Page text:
Symbols in The Lady of Shalott
Camelot and Shalott: The repeated refrains of “Camelot” and “Shalott” serve to centralize the two locations and establish them as opposing symbols. The first section characterizes Camelot as a hub of activity, filled with life and the freedom to come and go. By contrast, Shalott is a “silent isle” that houses a lone woman in a tower, unknown to all. The Lady is inextricably linked with Shalott, her title being the only name Tennyson provides. Lancelot is linked with Camelot, because he is an Arthurian knight and because he is traveling to it. Lancelot’s relative freedom to come and go as he pleases contrasts with the Lady, who is stuck in her tower and unable to exercise the same freedom. In these ways, Shalott and Camelot represent the different roles of men and women in Victorian society.
The River: The river is a prevalent image in the poem, symbolizing the flow of life. The river runs alongside the tower at Shalott, ferrying people to and from Camelot. It facilitates movement and interaction as people go about their lives, contrasting with the stagnance and stillness of the Lady in her isolated tower. When the Lady finally leaves the tower, she re-enters the flow of life and time, an action which immediately results in her death.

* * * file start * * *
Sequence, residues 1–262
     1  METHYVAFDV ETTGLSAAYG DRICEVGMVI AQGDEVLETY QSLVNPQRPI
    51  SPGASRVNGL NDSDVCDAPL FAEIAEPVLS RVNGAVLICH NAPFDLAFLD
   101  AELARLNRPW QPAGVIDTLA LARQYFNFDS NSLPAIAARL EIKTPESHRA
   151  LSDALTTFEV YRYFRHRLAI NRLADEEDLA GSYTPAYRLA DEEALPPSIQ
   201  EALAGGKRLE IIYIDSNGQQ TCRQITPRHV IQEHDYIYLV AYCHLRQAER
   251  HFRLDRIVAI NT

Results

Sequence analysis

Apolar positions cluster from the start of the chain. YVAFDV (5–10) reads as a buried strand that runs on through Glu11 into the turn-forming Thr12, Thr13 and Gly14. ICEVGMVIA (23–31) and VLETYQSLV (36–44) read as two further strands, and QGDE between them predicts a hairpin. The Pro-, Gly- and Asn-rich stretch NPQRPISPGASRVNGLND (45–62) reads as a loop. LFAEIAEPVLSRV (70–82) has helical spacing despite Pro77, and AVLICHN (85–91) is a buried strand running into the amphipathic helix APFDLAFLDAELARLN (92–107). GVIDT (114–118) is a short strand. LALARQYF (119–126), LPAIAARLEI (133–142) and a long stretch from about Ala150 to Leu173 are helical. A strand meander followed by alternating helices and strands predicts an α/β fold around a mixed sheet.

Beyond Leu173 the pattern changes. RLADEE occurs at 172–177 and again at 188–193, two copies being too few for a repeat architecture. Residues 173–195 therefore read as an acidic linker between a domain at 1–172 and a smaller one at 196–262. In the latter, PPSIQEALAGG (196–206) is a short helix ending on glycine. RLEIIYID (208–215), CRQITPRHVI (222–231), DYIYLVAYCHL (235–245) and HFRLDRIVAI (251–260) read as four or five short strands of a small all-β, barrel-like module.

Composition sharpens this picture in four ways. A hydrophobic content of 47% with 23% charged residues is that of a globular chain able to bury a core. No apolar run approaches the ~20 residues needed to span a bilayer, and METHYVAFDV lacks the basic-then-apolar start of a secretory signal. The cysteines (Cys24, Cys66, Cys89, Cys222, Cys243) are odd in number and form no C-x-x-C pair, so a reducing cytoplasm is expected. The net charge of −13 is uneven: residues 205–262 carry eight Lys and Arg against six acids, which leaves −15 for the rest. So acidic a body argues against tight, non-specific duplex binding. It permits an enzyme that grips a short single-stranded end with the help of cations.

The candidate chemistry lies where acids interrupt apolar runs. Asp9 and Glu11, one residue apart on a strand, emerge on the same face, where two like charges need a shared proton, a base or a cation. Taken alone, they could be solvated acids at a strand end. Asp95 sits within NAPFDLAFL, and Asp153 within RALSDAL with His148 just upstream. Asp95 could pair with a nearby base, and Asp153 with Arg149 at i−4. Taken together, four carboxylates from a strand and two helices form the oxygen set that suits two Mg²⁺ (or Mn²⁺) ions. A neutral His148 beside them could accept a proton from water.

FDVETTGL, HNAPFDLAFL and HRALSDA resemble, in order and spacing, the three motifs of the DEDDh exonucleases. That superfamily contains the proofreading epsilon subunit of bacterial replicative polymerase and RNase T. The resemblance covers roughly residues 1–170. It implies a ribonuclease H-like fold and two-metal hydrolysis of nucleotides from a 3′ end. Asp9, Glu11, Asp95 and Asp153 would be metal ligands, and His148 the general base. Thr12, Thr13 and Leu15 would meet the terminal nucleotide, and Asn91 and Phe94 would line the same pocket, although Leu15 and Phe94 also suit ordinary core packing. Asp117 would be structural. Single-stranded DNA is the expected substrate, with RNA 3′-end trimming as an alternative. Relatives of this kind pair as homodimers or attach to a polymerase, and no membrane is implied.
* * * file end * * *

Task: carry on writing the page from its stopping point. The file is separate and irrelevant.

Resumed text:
The Web and the Mirror: Two of the most important artifacts in the poem are the Lady’s web and mirror. They serve to characterize her as both an artist and as someone touched by the supernatural. Her web is symbolic of her artistry as she depicts through her weaving the sights she sees in her mirror, which symbolizes the necessity of distance in the nurturing of the artistic soul. The mirror allows her to create reflections of the world without having to taint the purity of her artistic vision with outside influences. When the curse is activated and her weaving flies off the loom and her mirror breaks, the implication is that her artistry was linked with her isolation. Now that she has chosen to trade in her art for reality, she is estranged from her artistic spirit and her weaving abandons her.
Symbols Examples in The Lady of Shalott:
Text of the Poem🔒
"The broad stream in his banks complaining,..." See in text (Text of the Poem)